Pressure head in the left limb above Z - Z

h s1h1 h (1x50)

h 50 mm

Pressure head in the right limb above Z - Z

s 2 h2 13.6 x60

816 mm

Equating;

h 50 816

h 766 mm

Example

A simple manometer containing mercury was used to find the

negative pressure in pipe containing water. The right limb of the

manometer was open to atmosphere. Find the negative pressure,

below the atmosphere in the pipe.

Solution:

Pressure head in the left limb above Z - Z

h s1h1 s 2 h2 h (1x50) (13.6 x50)

h 700 mm

Pressure head in the right limb above Z - Z

0

Equating;

h 700 0

h -700 mm -7m

Gauge pressure in the pipe p h

9.81x(-7) - 68.67kN/m 2

-68.67kPa

68.67kPa (Vacuum)

Example

Figure shows a conical vessel having its outlet at A to which U tube

manometer is connected. The reading of the manometer given in

figure shows when the vessel is empty. Find the reading of the

manometer when the vessel is completely filled with water.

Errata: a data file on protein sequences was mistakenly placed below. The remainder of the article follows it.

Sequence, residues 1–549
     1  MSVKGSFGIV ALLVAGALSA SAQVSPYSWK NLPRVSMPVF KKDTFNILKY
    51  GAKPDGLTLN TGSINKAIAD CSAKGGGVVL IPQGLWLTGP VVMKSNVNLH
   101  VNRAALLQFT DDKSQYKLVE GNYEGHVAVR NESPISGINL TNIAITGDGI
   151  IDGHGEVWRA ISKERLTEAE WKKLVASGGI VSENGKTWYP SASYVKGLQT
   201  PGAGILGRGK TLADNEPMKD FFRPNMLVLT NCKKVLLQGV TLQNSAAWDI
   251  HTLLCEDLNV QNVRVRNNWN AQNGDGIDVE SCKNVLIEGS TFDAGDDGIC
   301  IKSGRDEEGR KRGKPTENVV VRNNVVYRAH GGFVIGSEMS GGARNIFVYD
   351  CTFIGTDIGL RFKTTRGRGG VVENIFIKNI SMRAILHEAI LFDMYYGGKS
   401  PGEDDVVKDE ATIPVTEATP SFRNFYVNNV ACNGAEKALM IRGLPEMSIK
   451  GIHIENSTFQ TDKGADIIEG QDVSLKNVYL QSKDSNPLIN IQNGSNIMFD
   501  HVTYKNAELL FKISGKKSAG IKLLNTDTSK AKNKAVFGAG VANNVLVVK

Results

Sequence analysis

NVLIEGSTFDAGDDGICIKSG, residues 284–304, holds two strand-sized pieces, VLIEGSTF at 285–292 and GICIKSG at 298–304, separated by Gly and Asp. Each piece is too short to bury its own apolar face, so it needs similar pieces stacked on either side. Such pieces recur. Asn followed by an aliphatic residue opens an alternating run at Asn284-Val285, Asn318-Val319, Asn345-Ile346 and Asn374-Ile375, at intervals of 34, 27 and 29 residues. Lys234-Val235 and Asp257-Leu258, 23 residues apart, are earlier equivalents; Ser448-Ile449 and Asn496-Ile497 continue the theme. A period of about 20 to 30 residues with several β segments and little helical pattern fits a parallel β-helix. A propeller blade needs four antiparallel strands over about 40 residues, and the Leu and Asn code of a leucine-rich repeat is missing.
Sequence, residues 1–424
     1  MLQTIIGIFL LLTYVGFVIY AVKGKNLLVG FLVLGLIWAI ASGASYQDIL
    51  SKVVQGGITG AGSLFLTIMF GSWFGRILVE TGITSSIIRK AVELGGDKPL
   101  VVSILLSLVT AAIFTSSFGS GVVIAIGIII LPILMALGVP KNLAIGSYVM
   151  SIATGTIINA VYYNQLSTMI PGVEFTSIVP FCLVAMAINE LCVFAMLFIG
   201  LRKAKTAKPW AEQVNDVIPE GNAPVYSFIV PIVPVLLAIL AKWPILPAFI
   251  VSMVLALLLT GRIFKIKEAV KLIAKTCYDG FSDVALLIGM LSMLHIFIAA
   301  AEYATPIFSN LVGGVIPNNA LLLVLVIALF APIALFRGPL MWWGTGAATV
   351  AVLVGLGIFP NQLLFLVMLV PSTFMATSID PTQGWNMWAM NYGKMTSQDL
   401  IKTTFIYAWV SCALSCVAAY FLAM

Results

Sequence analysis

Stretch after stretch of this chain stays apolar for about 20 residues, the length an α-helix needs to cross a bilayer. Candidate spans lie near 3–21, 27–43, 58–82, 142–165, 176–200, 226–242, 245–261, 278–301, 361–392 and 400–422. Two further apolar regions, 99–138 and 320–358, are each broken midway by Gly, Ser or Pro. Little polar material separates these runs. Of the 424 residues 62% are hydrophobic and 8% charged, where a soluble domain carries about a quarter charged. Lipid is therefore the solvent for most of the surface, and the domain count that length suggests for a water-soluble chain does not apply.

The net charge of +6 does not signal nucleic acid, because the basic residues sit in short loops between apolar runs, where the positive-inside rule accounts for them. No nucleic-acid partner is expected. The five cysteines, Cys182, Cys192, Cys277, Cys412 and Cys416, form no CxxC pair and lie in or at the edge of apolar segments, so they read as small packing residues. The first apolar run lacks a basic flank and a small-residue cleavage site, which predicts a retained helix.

Solution:

h 2 200mm 0.2m

s1 1 and s 2 13.6

Let h Pressure head of mercury in terms on head of water.

1. Let us consider the vessel is to be empty and Z - Z be the datum line.

Pressure head in the right limb above Z - Z

s1h1 1xh h

Pressure head in the left limb above Z - Z

s 2 h2 13.6 x0.2 2.72m

Equating; h 2.72m

As a result, let the mercury level goes down by x meters in the right limb, and

the mercury level go up by the same amount in the left limb.

Therefore total height of water in the right limb

x h 3 x 2.72 3 x 5.72

Pressure head in the right limb 1(x 5.72) x 5.72

We know that manometer reading in this case :

0.2 2x

Pressure head in the left limb

13.6 (0.2 2x) 2.72 27.2x